- 10 Hot Big Data Startups to Watch
- 11 Unique Uses for Google Glass, Demonstrated by Celebs
- How to Export Your Google Reader Account
- How to Better Engage Millennials (and Why They Aren't Really so Different)
Network World - Researchers and IT managers are confirming security vendors’ claims that spam levels have spiked in the past month – some say by as much as 80 % -- and show no signs of decreasing.
“There are enormous amounts of spam; it’s shot up like crazy since the beginning of October,” says John Levine, president of consulting firm Taughannock Networks and co-chair of the Internet Research Task Force's Anti-Spam Research Group, who operates a number of e-mail addresses that aren’t filtered for spam. “Earlier this year I was seeing about 50,000 spam messages a day, now I’m seeing 100,000.”
Levine’s assumption is this spike in spam levels is a result of a new generation of viruses and zombies that can infect PCs more quickly and are harder to get rid of. In its October report, messaging security vendor MessageLabs says the spike is largely due to two Trojan programs, Warezov and SpamThru.
Others say a new breed of spam messages called image spam -- messages with text embedded in an image file that evade spam filters, which can’t recognize the words inside the image -- is responsible.
At North Shore-LIJ Heath System, a network of hospitals based in Great Neck, N.Y., with about 12,000 e-mail users, there’s been an 80% increase in spam received in the last 45 days, says system architect Steve Young, and most of it is image spam.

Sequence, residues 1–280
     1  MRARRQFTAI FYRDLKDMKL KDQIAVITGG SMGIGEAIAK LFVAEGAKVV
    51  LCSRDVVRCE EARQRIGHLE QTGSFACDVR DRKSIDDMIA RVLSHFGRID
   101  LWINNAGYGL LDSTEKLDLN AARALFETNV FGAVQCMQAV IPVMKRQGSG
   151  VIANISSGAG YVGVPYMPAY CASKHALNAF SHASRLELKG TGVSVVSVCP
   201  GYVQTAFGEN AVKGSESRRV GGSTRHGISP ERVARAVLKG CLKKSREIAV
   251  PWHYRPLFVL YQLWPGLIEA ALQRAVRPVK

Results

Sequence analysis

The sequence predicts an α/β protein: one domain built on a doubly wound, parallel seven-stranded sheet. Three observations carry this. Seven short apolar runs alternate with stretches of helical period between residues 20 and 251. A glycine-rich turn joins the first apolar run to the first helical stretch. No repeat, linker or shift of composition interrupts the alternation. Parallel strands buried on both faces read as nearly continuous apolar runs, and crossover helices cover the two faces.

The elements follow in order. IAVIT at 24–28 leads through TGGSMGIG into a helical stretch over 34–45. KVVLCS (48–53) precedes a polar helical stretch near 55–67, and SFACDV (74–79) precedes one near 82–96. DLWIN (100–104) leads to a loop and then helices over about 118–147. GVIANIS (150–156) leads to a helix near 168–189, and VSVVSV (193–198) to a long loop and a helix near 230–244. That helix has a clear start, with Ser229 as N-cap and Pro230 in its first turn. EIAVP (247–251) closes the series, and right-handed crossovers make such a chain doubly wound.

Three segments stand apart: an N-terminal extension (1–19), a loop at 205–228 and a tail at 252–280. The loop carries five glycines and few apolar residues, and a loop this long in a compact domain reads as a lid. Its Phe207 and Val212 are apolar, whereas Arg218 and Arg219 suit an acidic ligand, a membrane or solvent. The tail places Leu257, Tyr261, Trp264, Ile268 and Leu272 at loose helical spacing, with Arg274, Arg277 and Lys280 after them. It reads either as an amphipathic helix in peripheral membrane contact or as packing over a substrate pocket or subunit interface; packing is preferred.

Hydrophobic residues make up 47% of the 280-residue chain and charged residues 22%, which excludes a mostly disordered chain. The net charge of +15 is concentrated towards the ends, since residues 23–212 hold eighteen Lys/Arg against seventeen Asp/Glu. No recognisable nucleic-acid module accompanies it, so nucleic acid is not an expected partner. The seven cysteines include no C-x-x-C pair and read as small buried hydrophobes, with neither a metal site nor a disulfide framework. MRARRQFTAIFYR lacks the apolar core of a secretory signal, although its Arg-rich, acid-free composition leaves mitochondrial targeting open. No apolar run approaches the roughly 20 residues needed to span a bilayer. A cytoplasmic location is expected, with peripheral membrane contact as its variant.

“We got slammed with a 50% increase [in spam] in one day. For the past year-and-a-half none of my users ever got a spam message; in that first 48 hours [of image-spam blasts] there were 500 calls and over 1,000 complaints from users,” he says.
The majority of these image spam messages are so-called pump and dump scams, where spammers purchase a penny stock, promote it through e-mail, then sell it at a profit. Most appear to come from Europe, says Young.
After receiving so many calls from his users Young called BorderWare, his e-mail security vendor, to ask for help. The company enrolled him in a beta program for its new technology designed to block image spam, which Young says is working. “We blocked 7,000 image spam messages in the first day” of trialing the new technology.
What’s made image spam so vexing is that spammers have learned to represent words in an image that are recognizable to the human eye because of the way people recognize images that a computer can’t understand, says Andrew Graydon, CTO of BorderWare.
“They’re banking on eye recognition, and so many of the solutions out there only deal with text analysis,” says Graydon. The company’s new technology, set to be unveiled next week, analyzes image spam and comes up with a characterization of the message that tracks 30 different pieces of information about it that mimic the way people visualize.
Of course, as vendors come up with new techniques, spammers do, too. Image spam began popping up a few months ago, and security vendors responded with products that create a “fingerprint” of the message and match that against new incoming messages. Then spammers began randomizing image spam so that each message was slightly different from the last, therefore evading fingerprinting technology.